One Sentence Wonders | Rock Your Talk One Sentence Wonders Can you sum up what you are saying in one paragraph? What about one sentence? This is a challenge I set myself every time I do a talk. If I put all that in, I would go so far over my allotted time, I couldn’t even see it with a telescope. Hence where my “one sentence” comes in. While this sometimes takes time, it soon gives me a solid start for where I want to go and what I need to say. It really is that simple. Like this: Like Loading... About Jonathan Downie I am a conference interpreter, public speaking coach, preacher and researcher.

Okay Type · Alright Sans Alright Sans is a contemporary sans-serif with a clean, prudent voice that avoids looking stiff or bland. Actually, it has just the right amount of warmth to convey a serious-yet-friendly tone. It has an open structure with shorter-than-normal capitals and a large x-height, giving it a roundabout economy that works exceptionally well across all media, in both large and small sizes. Its extensive character set, rich OpenType features, and wide range of weights makes it a reliable and versatile workhorse. Alright Sans Black Italic & Regular Alright Sans Extra Thin Italic & Bold Alright Sans Light Italic Alright Sans Regular Italic Alright Sans Medium Italic Alright Sans Extra Medium & Thin Italic Alright Sans Regular & Regular Italic Alright Sans Thin & Ultra Alright Sans Medium Alright Sans Bold Alright Sans Black Alright Sans Ultra Alright Sans Extra Thin OpenType features are awesome. Small Caps All Caps Ligatures Discretionary Ligatures Old-Style Figures Lining Figures Tabular Old-Style Figures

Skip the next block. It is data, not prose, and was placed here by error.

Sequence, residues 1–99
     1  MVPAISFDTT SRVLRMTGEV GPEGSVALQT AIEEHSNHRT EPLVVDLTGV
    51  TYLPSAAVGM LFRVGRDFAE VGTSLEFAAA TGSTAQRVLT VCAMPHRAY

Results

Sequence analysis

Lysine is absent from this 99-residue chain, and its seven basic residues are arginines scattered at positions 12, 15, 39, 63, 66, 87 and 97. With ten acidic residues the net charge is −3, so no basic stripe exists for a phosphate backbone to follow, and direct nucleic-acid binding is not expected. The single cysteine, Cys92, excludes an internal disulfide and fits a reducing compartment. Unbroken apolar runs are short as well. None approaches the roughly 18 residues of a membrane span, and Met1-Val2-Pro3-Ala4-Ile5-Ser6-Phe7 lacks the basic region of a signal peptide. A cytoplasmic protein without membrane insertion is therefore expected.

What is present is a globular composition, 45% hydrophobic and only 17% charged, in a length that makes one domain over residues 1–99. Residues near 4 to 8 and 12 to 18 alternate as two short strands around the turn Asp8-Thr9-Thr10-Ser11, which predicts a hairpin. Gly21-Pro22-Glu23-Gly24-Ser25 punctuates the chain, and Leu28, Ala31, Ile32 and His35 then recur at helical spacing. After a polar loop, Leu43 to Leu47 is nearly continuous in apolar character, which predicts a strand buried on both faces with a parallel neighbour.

PEARLS OF WISDOM: THE BLOG | The Professor Is In | Getting You Through Graduate School, The Job Market and Tenure… Strong stuff: Cardozo writes, “For many if not most, being an adjunct is the professional equivalent of domestic abuse, PTSD and Stockholm syndrome rolled into a single despairing plight that has only one feasible resolution: as with any dysfunctional relationship, at some point you must first DECIDE to go, then GO. The terrible thing is that we lack the professional equivalent of transition shelters. However, The Professor is providing one kind of safe space with the Alt/Post-Ac Initiative, and I mention others below. ” by Karen Cardozo Karen Cardozo I began my visit to The Professor’s virtual office with a post on the problems of tenurecentrism, followed by musings on freeing the academic elephant from its limited range of motion. Not everything begins with a strategic plan; being open to what the universe sends is another option (read: you can thrive despite being clueless and indecisive). Once again, I discovered that I. Meanwhile, what can I tell you?